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On This Day in Black History: August 20
1619
Twenty Africans arrived in Jamestown, Virginia aboard a Dutch ship.
1802
Fur trader and trapper George Bonga was born to black fur trader Pierre Bonga and an Ojibwe woman near Duluth, Minnesota. He was the first African-American to be born in Minnesota and he was educated in Montreal, Quebec.
1908
1920
Inventor Otis Boykin was born.
1944
The SS Frederick Douglass, named after the abolitionist, was torpedoed and lost st sea.
1960
Senegal broke from the Mali Federation, becoming fully independent.
1964
President Lyndon B. Johnson passed the Economic Opportunity Act.
1971
African-Canadian pitcher Ferguson Jenkins won 20 Major League Baseball games for the fifth consecutive year. In the same year he also won the National League Cy Young Award, becoming the first Chicago Cub pitcher ever to receive this award.
1983
The United Democratic Front (UDF), an umbrella organization of anti-apartheid groups, was organized in South Africa.

Today's Featured Page
Patrice Lumumba
Patrice Lumumba was born in Katako-Kombe in the Kasai Province of the Belgian Congo in 1925. In October 1958, he formed the Mouvement National Congolais (MNC), which was the only major party that had a truly national base. A nationalist and Pan-Africanist, he mobilized the Congolese people to press for independence. More...


Previously Featured Pages
Mary Ann Shadd Cary
From an early age, Mary was exposed to the anti-slavery movement, where she developed a good grasp of the issues and honed her debating skills. More...

The Tuskegee Airmen
Myth: Black men can't fly planes. General H.H. Arnold unequivocally stated that "no Blacks would ever pilot a plane in the upcoming war [World War II.]" The myth was debunked with the help of the US Congress. More...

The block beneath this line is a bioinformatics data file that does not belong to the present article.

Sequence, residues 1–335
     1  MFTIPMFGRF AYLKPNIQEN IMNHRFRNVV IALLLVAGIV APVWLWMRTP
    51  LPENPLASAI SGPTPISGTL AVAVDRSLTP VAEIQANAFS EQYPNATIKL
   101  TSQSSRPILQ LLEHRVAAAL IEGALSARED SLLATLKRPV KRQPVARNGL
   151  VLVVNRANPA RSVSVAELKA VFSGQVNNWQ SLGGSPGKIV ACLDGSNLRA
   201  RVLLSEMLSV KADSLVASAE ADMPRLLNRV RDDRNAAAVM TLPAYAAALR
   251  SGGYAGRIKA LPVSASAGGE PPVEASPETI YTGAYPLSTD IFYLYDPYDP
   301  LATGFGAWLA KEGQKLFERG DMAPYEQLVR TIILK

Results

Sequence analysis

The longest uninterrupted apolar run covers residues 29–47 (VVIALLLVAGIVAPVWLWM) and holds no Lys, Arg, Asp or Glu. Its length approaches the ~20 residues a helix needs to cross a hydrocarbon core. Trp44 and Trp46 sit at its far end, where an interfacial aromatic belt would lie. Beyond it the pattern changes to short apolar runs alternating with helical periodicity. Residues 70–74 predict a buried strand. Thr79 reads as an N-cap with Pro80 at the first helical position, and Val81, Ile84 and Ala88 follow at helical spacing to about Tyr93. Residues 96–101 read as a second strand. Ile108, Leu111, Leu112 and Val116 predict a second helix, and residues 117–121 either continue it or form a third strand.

Menelik II
Born in 1844, Menelik II was one of the most celebrated of Ethiopia's rulers, and led the most successful campaign of African resistance to repel the onslaught of European colonialism. More...

Dr. George Carruthers
Dr. Carruthers is an astrophysicist of international renown. He was the principal inventor of the first moon-based observatory, the Far Ultraviolet Camera/Spectrograph—a combination spectograph and camera, with an electron intensifier—used for the Apollo 16 mission to the moon in 1972. More...

Granvillle T. Woods
During his lifetime, Granville T. Woods held over thirty-five patents. More than a dozen of these patents were inventions for electric railways but most of them were focused on electrical control and distribution. More...

Ernest Everett Just
Ernest E. Just was a "scientist's scientist". Dr. Charles Drew, a pioneer in blood plasma research himself, described Dr. Just as "a biologist of unusual skill and the greatest of our original thinkers in the field". More...


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